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Gov. Kasich Signs Executive Order On Gun Background Checks

Ohio Governor John Kasich speaks during the Ohio State of the State address in the Fritsche Theater at Otterbein University in Westerville, Tuesday, March 6, 2018.
Paul Vernon
Associated Press

Gov. John Kasich took his message for tougher gun control to the county level, signing a new executive order that urges clerks of courts and other agencies to do a better job at entering criminal information into the background check system.

At a press conference on Monday, Kasich said too many criminals are slipping through the cracks. As the Republican points out, the country has seen several recent mass shootings where the suspect was banned from buying a gun but their information was never entered into the national database for background checks.

But Kasich's executive order doesn't fix those problems outright. Rather, by signing the “National Instant Criminal Background Check System Compliance” order, Kasich is instructing a coalition of state agencies to find out which counties aren’t complying and why.

“If they do not comply, then we’re going to figure out what we can do to be more punitive,” Kasich says. “I’d rather start off with encouragement rather than punitive, we’ll see how it goes.”

Kasich says he hopes for initial answers within a month. 

"There's just no excuse for this data not being sent," Kasich says.

In February, the Cincinnati Enquirer reported that dozens of Ohio courts failed to upload the paperwork, including some that went months or years without an update. A committee that last met in 2015 concluded that reporting improvements were needed.

He also wants the state auditor to include reporting to that database as part of regular audits of local governments.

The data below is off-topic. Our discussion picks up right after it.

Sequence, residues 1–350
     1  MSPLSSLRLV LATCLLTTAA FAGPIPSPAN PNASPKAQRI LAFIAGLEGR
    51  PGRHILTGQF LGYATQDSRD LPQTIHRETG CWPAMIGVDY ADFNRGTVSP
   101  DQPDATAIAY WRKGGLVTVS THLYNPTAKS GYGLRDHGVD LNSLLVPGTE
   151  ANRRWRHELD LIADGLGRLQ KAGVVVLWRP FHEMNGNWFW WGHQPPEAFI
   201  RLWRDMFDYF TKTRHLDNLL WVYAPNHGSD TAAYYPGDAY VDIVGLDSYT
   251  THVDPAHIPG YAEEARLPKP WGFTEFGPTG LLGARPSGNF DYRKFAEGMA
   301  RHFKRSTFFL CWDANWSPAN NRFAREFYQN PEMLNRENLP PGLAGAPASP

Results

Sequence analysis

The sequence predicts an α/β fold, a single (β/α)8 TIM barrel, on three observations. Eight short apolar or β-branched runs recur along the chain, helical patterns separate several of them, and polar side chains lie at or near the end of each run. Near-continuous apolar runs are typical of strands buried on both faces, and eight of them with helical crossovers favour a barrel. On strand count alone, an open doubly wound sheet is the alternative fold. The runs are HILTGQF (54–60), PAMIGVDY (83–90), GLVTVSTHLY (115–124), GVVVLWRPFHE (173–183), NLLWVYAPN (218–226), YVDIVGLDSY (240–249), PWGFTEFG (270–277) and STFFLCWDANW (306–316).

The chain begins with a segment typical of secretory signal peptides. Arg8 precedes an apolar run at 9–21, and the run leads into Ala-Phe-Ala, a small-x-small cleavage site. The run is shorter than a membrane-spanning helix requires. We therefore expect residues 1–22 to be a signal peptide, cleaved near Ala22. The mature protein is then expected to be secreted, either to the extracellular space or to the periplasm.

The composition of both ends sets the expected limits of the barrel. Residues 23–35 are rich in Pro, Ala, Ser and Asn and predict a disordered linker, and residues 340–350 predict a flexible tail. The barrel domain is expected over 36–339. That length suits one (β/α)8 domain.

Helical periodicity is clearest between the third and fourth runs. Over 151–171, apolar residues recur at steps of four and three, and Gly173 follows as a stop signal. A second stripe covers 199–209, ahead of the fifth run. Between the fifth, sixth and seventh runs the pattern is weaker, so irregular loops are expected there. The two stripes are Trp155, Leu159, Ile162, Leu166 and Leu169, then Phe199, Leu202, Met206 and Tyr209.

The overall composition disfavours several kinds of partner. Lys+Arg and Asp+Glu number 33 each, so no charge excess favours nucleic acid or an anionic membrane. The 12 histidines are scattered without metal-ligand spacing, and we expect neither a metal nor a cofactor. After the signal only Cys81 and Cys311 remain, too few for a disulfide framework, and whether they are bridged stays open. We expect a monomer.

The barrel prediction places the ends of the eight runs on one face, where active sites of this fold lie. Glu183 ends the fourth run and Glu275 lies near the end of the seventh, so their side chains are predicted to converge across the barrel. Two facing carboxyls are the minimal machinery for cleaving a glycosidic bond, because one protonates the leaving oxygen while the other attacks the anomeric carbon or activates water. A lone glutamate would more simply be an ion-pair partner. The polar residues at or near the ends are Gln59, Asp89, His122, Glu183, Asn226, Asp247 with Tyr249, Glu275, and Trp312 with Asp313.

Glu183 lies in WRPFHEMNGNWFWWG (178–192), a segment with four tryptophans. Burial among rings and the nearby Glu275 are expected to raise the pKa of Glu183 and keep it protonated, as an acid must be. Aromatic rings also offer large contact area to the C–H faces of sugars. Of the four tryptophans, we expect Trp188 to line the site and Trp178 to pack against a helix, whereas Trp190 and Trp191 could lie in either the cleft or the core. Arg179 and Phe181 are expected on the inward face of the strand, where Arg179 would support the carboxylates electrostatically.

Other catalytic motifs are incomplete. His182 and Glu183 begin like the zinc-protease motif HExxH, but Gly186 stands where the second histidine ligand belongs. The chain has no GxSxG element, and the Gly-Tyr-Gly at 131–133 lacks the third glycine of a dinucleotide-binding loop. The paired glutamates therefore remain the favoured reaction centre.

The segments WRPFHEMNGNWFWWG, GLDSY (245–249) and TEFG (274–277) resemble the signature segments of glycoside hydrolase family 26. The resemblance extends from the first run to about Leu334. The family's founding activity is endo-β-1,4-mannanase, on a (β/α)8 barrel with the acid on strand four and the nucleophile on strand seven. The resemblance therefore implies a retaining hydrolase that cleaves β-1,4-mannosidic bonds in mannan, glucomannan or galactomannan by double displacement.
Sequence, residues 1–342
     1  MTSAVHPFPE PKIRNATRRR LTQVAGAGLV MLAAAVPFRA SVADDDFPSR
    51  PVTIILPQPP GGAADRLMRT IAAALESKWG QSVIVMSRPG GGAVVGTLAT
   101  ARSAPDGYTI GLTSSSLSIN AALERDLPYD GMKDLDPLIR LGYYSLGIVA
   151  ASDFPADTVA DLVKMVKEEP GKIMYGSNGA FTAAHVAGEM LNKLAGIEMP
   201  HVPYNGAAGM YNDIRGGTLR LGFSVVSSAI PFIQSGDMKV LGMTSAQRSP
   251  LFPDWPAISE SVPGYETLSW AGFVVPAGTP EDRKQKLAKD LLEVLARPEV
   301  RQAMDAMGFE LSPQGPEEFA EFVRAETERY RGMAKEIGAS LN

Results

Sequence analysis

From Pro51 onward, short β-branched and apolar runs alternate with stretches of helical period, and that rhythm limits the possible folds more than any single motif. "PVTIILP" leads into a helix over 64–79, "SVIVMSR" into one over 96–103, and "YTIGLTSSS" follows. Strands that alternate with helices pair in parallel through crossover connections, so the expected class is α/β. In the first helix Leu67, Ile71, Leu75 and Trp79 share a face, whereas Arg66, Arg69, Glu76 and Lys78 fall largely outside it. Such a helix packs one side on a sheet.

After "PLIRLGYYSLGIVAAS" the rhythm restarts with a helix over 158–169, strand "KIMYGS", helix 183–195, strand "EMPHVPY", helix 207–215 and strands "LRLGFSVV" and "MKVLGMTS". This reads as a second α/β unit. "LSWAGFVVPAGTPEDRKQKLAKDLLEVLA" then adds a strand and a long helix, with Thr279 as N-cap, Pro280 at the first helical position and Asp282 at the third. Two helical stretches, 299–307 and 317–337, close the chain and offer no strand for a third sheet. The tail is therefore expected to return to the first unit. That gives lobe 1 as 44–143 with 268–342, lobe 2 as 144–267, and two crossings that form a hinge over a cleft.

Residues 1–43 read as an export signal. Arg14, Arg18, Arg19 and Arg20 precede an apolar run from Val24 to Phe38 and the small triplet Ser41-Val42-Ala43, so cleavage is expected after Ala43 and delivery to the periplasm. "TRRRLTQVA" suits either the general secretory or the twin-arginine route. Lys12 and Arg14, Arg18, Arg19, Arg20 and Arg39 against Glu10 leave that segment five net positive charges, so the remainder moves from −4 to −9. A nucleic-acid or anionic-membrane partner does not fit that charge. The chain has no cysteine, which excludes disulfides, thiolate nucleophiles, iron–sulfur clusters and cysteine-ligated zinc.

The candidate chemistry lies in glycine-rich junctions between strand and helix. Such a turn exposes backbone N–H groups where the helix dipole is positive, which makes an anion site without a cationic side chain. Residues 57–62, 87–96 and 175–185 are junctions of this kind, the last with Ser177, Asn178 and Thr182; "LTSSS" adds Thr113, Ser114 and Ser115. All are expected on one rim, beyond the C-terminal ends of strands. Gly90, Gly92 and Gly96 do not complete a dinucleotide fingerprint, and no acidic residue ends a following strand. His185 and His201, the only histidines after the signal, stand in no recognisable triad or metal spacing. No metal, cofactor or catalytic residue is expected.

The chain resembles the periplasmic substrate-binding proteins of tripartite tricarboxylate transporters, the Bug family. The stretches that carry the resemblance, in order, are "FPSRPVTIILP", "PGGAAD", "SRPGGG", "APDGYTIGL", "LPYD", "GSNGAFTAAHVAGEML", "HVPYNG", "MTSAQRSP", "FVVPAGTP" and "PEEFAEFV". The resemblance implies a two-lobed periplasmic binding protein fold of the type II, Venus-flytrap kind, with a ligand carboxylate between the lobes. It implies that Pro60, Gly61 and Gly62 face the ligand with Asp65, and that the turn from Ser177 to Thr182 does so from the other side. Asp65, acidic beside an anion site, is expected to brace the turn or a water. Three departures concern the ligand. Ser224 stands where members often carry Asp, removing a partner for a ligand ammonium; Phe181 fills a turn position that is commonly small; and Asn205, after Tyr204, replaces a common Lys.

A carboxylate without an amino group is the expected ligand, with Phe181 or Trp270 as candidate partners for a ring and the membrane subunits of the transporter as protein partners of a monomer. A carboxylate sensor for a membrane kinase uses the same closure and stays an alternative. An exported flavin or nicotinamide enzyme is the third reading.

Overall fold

State Auditor Dave Yost, a fellow Republican, said he's been studying how such reviews could be done since late last year. Kasich's order will help the office achieve the mutual goal of seeing how well governments are doing with such reporting, Yost said.

The group Ohio Gun Owners says this is just another step in Kasich’s political game to jumpstart his gun control legislation. But the Ohio police union, the state police chiefs association, and the state clerks of court association support the proposal.

Columbus gun shop owner Eric Delbert applauded the move, saing it's inexcusable in an age when credit cards can be easily canceled that such reporting can't happen.

Without proper background information, Delbert said, "We inadvertently can let somebody who is a prohibited person to own a gun walk out the door."

Kasich introduced a legislative agenda in March that would, in his words, implement “common sense” gun control. Those provisions include the so-called “red flag law,” which would allow law enforcement to temporarily strip gun rights from people who show warning signs of violence, as well as proposals to strengthen prohibitions on third-party purchases, ban bump stocks, and ban armor-piercing ammunition.

Both Democrat and Republican legislators introduced bills that would make those changes, but Republican Senate President Larry Obhof has indicated it’s unlikely those measures would pass.

The agencies investigating problems with reporting include the Office of Criminal Justice Service (OCJS), Ohio Department of Public Safety (ODPS), Attorney General’s Bureau of Criminal Investigation, and Ohio Supreme Court.